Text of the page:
By Maria Glod
Washington Post Staff Writer
Wednesday, January 27, 2010; B03
The months-long search for Virginia Tech student Morgan Harrington, who vanished outside an Oct. 17 rock concert in Charlottesville, appeared to have ended Tuesday when skeletal remains were discovered on a farm several miles southwest of where she was last seen alive.
Police said they think the skeletal remains are Harrington's. Col. W. Steven Flaherty, Virginia State Police superintendent, said an autopsy would be conducted to confirm that the remains are hers.
For family and friends who had tirelessly searched and prayed for Harrington's safe return, hope turned to sorrow. They mourned the death of the vibrant 20-year-old who planned to become a teacher and was known for her eclectic taste in music -- she appreciated everything from Black Sabbath to Barry Manilow.
The night of her disappearance, Harrington got separated from friends at a Metallica concert in Charlottesville. She ended up outside the University of Virginia's John Paul Jones Arena and couldn't get back in. She talked to one of her friends by cellphone, saying not to worry, that she'd get home on her own. But she never made it.
Harrington was last seen about 9:30 p.m., walking alone on the Copeley Road railroad bridge near the arena, a site that has since become a shrine of sorts. She had a scratch on her chin, witnesses told police, but officers said they think it probably was from an accidental bump or fall, not an attack. Her purse and cellphone were found the next day in a grassy lot used for overflow parking.
After her disappearance, police reviewed surveillance camera footage and asked fans to check concert photos for signs of Harrington. Police and friends handed out missing-person posters. The family created a Web site to help in the search. But every avenue turned up empty.
Then, about 10 a.m. Tuesday, police were contacted by a man who found human remains on his farm near Interstate 64 southwest of Charlottesville. He said he found the remains while he was on a tractor in a remote hayfield on his 700-acre farm. The hay would have been waist-high at the time Harrington disappeared.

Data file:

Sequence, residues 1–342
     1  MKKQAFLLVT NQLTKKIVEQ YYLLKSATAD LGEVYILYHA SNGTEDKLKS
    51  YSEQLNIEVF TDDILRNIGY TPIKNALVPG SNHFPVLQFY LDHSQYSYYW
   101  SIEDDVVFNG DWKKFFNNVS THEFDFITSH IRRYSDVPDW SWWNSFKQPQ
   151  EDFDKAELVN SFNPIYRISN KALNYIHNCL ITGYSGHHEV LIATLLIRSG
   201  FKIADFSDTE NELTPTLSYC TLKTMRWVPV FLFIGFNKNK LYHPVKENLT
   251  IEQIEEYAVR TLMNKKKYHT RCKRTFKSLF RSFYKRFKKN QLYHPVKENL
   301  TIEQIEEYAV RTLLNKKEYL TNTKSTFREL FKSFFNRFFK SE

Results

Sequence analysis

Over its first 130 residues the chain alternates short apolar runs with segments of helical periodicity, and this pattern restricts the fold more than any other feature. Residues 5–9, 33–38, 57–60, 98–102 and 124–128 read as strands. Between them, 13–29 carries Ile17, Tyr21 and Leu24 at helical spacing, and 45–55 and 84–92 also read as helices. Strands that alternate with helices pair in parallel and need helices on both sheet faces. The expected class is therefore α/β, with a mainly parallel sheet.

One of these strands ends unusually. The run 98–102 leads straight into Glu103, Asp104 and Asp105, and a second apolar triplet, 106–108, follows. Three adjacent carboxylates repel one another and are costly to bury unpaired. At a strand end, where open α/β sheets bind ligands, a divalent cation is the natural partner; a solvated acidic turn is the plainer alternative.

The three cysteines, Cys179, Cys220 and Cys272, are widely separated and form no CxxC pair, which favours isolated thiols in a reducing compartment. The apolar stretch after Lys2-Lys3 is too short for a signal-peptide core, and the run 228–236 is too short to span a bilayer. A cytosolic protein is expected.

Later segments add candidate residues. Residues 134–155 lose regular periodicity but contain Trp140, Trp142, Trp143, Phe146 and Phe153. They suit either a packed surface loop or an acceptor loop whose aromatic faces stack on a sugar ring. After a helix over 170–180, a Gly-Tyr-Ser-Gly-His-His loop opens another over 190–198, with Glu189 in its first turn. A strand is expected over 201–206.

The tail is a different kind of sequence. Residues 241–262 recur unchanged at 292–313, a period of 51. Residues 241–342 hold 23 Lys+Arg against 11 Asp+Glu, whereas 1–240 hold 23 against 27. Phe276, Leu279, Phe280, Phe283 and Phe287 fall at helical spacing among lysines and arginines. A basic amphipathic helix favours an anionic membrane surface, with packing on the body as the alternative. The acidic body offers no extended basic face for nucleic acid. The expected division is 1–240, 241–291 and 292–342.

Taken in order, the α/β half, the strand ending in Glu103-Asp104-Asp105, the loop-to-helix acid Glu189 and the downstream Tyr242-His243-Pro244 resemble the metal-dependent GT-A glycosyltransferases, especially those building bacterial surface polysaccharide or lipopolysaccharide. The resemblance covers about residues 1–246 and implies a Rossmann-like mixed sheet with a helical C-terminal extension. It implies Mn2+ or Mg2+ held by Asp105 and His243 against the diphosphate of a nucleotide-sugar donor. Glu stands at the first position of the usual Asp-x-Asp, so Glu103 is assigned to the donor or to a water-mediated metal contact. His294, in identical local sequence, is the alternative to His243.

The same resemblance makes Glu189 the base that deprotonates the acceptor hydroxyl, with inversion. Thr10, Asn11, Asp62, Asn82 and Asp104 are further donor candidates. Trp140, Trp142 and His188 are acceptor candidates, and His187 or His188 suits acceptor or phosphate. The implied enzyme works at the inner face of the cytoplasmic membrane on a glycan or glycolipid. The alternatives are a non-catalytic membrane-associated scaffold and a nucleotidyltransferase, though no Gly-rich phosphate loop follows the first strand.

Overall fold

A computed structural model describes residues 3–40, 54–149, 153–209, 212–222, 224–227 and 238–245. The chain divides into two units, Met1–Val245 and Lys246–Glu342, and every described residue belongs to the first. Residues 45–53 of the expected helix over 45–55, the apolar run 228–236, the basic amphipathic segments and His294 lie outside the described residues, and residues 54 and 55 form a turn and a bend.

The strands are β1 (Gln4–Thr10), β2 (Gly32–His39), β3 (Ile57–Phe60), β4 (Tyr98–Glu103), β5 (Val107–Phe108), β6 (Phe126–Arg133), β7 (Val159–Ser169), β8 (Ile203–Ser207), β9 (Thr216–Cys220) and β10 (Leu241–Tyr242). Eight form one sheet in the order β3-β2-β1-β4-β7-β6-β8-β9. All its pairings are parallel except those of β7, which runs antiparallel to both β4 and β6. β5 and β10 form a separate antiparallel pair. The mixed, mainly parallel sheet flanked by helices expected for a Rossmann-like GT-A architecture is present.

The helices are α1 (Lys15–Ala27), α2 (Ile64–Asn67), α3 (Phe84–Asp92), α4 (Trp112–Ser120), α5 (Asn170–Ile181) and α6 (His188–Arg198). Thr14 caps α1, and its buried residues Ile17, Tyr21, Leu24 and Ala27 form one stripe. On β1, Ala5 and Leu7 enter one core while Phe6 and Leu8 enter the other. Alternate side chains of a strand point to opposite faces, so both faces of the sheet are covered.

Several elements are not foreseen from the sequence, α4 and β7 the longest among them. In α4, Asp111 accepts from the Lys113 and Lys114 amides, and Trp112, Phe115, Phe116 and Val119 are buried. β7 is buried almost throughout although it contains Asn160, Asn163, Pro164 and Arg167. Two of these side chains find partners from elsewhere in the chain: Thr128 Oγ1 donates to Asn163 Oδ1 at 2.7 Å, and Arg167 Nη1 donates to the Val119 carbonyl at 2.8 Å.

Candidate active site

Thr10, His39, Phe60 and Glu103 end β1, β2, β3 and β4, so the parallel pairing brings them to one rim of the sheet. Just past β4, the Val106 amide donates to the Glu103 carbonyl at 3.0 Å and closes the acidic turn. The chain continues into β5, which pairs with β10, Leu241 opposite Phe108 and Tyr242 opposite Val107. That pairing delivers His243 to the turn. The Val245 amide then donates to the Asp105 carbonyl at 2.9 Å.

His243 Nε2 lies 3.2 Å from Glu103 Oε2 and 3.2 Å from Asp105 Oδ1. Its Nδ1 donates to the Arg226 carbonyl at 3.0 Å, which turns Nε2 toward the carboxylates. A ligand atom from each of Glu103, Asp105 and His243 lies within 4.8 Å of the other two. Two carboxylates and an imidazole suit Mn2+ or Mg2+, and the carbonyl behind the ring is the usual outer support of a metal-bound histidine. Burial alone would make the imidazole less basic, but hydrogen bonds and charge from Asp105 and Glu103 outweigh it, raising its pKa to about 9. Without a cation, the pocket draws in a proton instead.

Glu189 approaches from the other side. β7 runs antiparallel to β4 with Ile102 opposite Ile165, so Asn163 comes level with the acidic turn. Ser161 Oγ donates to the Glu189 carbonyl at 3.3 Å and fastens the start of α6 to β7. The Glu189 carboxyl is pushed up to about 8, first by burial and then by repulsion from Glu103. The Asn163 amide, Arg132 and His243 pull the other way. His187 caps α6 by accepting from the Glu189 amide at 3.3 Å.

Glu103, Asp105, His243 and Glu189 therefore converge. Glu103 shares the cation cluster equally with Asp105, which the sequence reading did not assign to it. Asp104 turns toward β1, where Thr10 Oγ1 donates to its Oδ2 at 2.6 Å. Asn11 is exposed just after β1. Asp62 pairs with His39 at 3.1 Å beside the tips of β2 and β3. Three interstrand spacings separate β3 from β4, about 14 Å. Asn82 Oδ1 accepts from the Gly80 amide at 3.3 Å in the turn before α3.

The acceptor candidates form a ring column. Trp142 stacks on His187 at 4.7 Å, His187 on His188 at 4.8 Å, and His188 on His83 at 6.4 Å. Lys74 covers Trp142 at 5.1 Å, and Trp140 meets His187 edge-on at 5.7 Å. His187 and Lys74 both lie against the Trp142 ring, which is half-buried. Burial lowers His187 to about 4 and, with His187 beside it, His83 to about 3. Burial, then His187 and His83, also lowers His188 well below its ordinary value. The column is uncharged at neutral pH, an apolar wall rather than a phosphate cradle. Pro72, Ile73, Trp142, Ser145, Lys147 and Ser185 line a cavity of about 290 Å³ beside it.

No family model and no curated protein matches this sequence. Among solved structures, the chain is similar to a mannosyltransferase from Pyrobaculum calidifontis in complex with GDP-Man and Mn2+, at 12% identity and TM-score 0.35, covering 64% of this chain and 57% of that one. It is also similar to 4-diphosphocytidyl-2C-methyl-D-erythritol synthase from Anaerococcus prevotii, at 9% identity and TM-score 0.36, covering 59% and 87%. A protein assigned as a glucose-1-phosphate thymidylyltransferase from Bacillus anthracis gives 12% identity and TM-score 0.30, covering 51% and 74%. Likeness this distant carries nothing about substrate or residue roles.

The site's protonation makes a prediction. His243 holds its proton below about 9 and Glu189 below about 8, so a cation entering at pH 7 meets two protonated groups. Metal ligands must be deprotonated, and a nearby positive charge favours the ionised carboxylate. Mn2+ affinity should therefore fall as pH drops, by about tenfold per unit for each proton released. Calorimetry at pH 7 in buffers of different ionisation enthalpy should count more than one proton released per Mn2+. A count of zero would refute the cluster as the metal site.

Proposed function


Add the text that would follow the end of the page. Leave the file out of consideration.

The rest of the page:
People from across the country, and even around the world, followed the search for Harrington as her parents, Gil and Daniel, chronicled their anguish in a blog, hoping someone would come forward to help them find their daughter. The Harringtons said they received notes of encouragement from as far away as Japan.
On Jan. 12, Gil Harrington posted this thought: "I remind myself that this is not in my hands and that the truth cannot be hidden forever -- it will out. I pray that the truth of this crime shows itself while Morgan is still alive. I have no interest in recovering a body. I would rather not know and always have some morsel of hope."
Morgan Harrington was close to her parents and visited their Roanoke house often. She also had a brother, Alex. Her family said Harrington had a close circle of friends. She loved to curl up with books. And she spent her high school summers working with children who have seen domestic violence.
Gil Harrington last saw her daughter the morning of the concert. Morgan Harrington tried on several outfits for the concert, with her mother offering fashion advice. They settled on a black Pantera T-shirt, black miniskirt, black tights and knee-high black boots. Harrington talked to her father by phone.
The 20-year-old bounded out of the house about noon, saying goodbye to her mother using the family's traditional greeting: "Two, four, one, Mama." Shorthand for: "I love you too much, forever, and one more time."